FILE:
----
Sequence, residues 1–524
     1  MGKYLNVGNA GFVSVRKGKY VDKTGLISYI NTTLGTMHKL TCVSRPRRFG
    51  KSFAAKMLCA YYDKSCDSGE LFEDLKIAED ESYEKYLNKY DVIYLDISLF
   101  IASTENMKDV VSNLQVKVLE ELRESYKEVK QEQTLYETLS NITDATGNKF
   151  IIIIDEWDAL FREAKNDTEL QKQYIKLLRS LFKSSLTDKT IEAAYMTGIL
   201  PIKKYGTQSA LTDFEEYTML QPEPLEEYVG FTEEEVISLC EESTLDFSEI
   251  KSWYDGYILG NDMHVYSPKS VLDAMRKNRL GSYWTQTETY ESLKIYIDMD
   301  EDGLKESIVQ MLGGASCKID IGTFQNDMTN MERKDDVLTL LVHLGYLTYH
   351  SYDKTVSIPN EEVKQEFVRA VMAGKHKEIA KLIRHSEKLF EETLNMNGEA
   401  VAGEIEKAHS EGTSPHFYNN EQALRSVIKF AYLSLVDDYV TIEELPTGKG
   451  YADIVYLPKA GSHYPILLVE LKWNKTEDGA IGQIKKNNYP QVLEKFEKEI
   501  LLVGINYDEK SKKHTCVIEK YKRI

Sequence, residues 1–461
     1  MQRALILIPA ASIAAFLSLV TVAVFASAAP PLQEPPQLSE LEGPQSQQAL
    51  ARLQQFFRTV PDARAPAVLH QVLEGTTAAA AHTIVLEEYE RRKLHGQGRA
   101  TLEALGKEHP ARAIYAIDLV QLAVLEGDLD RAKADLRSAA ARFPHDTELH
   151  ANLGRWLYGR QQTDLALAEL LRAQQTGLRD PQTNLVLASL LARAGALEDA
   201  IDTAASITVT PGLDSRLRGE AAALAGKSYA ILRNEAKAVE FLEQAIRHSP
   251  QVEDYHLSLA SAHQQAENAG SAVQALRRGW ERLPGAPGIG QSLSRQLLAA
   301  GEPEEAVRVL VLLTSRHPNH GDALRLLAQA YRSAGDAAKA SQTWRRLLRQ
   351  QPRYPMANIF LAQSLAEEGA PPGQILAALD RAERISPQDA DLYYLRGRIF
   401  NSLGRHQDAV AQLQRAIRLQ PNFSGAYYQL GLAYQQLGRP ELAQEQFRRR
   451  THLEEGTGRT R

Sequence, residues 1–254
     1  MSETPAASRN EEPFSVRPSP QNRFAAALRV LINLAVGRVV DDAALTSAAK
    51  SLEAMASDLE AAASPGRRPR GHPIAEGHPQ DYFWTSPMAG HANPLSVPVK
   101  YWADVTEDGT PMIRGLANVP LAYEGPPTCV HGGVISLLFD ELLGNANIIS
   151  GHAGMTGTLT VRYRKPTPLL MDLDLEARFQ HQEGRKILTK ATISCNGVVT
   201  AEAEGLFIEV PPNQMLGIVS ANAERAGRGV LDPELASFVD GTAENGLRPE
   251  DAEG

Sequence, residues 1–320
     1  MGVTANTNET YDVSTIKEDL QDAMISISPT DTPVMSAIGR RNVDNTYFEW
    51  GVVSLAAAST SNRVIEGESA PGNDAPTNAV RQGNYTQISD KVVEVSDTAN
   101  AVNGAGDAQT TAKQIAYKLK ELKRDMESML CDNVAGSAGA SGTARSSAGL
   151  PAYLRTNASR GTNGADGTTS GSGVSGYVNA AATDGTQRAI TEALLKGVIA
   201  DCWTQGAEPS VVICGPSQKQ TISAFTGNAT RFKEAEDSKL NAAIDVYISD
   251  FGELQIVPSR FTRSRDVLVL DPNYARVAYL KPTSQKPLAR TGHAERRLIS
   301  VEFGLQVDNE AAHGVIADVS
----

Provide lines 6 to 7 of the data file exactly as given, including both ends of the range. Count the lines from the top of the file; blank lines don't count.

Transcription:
   201  PIKKYGTQSA LTDFEEYTML QPEPLEEYVG FTEEEVISLC EESTLDFSEI
   251  KSWYDGYILG NDMHVYSPKS VLDAMRKNRL GSYWTQTETY ESLKIYIDMD